Is this book worth your time and money? This is a rare case of the second issue nearly blowing the first issue away and that was an amazing start to this series. This is a grand space soap opera but the reason that it works and sets it apart from the rest is the emotional core that Morrison is infusing this book with and Sharp, Oliff and Orzechowski rounding out the creative team has turned this into the dream team. It shows that you can still do a mainstream superhero comic but go deeper than most are able to achieve. In just tow issue that have se the bar very high and I can wait to see where they are going because the end of this second issue will simply blow you away with the raised stakes in the story. HIGHLY RECOMMENDED!

Self Made #1

Image Comics Writer Mat Groom, Artist Eduardo Ferigato, Colorist Marcelo Costa, Letterer Troy Peteri

Self Made is one of those comics that has some good ideas but never quite takes off with the first issue. I will say that Groom does have some decent ideas here but it’s also concepts that have been told before and he doesn’t bring much of a new spin to the concept. Sure the twist at the end of the issue wasn’t expected but that is where the problem is because at that point you realize that all of the things that you thought were one thing are now not that way and then you just find out that it was something that you have read many times before. The biggest flaw is that Groom doesn’t bring much new to the concept and that is where it misses the mark. The one thing that was nice was the artwork from Ferigato that delivers great detail to the story and does deliver the emotions of the story quite well here. He really does his best to hide the basic story tropes here and he pulls that off nicely but once the reveal is delivered then it just becomes nice art for a mediocre story.

Is this book worth your time and money? The book is far from a train wreck but unfortunately the story is just average and not all that compelling. With so many comics being published this book is simply going to get lost in the shuffle and forgotten. SKIP IT!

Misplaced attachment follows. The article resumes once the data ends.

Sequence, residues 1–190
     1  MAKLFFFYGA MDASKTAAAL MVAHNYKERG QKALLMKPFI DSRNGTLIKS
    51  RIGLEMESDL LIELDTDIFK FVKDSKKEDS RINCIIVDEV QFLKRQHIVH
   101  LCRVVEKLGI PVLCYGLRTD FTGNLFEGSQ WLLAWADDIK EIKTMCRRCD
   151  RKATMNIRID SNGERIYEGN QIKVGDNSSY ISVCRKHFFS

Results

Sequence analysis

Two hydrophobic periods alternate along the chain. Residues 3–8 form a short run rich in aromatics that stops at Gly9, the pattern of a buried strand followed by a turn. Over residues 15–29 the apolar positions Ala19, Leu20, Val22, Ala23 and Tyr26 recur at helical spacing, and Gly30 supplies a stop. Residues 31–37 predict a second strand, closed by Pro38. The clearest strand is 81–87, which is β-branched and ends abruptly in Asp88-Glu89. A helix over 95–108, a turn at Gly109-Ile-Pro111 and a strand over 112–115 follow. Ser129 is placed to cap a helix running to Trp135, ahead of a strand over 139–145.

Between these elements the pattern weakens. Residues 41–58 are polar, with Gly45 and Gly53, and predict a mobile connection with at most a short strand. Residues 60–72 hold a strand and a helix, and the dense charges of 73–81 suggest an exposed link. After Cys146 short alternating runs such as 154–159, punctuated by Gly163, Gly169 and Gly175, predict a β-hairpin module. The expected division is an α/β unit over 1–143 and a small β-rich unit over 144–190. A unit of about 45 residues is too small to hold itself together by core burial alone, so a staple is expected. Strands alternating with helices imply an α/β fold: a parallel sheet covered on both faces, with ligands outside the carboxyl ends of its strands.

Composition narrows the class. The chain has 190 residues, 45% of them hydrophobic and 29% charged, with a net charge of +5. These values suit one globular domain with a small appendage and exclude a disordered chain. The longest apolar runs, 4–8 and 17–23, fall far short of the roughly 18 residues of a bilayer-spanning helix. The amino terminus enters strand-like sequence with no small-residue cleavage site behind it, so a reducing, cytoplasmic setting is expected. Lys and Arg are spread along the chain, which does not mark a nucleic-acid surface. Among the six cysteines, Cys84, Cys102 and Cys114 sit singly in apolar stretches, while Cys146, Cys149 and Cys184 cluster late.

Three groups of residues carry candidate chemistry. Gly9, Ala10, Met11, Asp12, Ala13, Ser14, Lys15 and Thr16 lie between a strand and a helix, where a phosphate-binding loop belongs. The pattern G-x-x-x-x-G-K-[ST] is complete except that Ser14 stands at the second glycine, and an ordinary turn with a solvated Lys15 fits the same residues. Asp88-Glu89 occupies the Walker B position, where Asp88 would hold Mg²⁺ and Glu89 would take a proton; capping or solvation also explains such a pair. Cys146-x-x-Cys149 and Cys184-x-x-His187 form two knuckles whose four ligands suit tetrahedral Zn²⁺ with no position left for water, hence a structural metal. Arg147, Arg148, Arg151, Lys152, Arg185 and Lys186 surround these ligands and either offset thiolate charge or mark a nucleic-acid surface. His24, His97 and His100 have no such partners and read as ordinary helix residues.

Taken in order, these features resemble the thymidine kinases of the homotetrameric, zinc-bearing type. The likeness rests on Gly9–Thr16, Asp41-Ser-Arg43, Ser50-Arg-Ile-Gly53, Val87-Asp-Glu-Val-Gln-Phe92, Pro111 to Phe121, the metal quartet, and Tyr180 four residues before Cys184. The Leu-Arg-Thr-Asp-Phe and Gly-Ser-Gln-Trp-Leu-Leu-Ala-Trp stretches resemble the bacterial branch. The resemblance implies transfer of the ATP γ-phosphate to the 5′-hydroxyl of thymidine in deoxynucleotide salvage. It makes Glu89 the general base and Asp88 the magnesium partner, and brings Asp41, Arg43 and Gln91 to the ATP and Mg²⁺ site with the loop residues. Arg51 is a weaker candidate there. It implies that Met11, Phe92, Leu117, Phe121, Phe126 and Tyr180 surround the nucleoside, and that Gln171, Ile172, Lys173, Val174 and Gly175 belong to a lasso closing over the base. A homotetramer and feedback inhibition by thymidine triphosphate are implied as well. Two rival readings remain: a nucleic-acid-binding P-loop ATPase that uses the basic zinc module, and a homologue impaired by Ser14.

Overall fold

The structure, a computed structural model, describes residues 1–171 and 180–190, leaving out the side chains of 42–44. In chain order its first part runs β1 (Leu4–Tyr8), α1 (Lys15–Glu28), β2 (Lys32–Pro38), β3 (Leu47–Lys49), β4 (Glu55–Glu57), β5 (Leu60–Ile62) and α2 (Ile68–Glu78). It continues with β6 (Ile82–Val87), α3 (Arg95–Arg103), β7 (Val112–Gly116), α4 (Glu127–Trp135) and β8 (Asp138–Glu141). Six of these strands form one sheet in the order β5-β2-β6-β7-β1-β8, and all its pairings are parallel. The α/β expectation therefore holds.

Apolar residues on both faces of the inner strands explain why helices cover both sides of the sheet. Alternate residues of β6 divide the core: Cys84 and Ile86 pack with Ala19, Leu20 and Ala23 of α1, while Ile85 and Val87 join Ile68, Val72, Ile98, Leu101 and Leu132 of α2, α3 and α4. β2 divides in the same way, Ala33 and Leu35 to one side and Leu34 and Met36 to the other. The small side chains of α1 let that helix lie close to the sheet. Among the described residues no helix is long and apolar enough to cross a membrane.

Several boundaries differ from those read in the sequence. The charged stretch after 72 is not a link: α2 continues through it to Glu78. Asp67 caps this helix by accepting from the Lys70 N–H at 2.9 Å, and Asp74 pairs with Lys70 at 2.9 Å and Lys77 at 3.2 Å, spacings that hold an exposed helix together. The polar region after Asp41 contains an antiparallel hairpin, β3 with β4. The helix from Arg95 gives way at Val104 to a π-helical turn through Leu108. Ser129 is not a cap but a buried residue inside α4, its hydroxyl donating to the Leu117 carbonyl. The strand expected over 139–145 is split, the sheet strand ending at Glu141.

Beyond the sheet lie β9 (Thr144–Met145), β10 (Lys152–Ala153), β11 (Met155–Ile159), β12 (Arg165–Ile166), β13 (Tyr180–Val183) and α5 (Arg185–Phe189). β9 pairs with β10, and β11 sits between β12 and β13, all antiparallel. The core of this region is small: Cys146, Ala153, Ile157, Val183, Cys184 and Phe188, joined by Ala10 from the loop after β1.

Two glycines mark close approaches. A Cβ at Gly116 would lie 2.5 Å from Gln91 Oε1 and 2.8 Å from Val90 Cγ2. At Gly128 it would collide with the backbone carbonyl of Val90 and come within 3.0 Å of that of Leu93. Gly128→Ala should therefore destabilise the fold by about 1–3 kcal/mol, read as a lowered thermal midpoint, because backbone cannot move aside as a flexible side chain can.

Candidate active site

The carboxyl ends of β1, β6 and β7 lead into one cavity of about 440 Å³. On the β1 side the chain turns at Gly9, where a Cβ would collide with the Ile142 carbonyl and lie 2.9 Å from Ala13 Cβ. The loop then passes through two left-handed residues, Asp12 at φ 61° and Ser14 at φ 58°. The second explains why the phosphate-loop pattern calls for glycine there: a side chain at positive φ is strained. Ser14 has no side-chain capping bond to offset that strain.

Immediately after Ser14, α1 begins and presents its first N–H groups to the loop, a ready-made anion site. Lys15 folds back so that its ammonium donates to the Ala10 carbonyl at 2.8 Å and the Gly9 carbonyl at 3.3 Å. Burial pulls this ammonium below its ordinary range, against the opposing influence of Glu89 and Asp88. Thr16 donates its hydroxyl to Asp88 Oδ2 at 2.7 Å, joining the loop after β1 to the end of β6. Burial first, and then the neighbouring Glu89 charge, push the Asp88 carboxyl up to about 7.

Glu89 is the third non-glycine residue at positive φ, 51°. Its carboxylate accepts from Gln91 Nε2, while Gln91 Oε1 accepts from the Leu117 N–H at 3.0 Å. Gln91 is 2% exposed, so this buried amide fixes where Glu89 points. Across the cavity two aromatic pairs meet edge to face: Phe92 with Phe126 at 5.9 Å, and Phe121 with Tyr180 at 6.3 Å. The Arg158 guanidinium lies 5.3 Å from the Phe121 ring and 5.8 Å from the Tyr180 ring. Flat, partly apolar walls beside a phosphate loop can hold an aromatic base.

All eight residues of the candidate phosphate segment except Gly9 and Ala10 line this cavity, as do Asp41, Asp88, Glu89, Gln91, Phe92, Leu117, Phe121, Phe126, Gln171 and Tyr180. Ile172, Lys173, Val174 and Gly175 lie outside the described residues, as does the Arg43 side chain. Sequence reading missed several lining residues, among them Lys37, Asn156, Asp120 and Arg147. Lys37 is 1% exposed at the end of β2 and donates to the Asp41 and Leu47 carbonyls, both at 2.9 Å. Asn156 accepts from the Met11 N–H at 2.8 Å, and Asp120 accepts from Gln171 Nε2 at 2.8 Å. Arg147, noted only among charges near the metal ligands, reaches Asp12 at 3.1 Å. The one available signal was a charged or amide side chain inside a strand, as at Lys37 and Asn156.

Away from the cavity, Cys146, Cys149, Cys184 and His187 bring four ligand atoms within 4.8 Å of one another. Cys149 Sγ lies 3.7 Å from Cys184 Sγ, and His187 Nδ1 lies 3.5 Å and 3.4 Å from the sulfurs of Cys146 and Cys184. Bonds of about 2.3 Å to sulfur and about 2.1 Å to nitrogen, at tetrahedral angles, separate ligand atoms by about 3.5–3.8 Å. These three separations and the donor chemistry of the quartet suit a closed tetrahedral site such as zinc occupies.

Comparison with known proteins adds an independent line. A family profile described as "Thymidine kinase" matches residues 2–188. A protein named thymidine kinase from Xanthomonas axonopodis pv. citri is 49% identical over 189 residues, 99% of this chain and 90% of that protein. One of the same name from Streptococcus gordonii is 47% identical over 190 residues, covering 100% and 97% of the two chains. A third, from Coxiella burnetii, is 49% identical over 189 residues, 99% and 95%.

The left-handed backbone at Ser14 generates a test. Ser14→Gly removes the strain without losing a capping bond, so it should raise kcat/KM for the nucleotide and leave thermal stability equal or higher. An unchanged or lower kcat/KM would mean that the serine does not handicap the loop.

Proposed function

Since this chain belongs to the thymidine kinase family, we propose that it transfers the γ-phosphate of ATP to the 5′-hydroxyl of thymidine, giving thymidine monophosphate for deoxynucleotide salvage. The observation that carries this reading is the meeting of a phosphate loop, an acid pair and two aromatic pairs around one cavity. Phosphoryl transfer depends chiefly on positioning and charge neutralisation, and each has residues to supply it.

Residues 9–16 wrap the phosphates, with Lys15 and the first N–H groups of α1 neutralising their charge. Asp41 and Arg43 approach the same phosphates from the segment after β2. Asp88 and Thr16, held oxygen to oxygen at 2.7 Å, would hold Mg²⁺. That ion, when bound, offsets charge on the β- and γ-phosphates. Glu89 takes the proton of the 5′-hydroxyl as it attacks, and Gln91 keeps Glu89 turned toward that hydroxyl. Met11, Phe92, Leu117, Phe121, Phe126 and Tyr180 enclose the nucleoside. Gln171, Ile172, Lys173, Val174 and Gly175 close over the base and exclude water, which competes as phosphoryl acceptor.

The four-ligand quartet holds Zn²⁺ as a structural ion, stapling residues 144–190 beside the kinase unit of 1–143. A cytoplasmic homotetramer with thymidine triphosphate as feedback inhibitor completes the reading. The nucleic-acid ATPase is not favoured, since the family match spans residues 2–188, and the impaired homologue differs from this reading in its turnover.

Wizard Beach #1

Boom! Studios Writer Shaun Simon, Artist Conor Nolan, Colorist Meg Casey, Letterer Mike Fiorentino

This is one of those comics that I’m not quite sure what to make of it. On one hand there is a lot to like here with the concept and the wonderful artwork. On the other hand the story is very disjointed and not sure what is really going on. I will give Simon credit that there are some really good ideas here and quite a lot to like but honestly I’m not quite sure where he is going with the story. He throws a lot out in the story here but he never fleshed out the characters as well as one would like. The way that he formats the story with the breaks in the chapters ends up being on the awkward side of things and really interrupts the flow of the story. The one thing that the book does have going for it is the artwork by Nolan that has an underground/Mad Magazine feel and look that really help sell this book. The shame is that the visuals try to steer things in the right direction but with the flow of the script not working well ends up being more frustrating and ends up making this book a disappointment. It’s a shame because I really loved the artwork on this book.

Is this book worth your time and money? I really wanted to like this book but honestly I’m not quite sure what to make of it. It’s not that its bad but Simon structure of the story is all over the place and I never really connected with any of the characters and that is a big flaw in this book. I might give the second issue a chance but its going to have to convince me that its going to be worth it.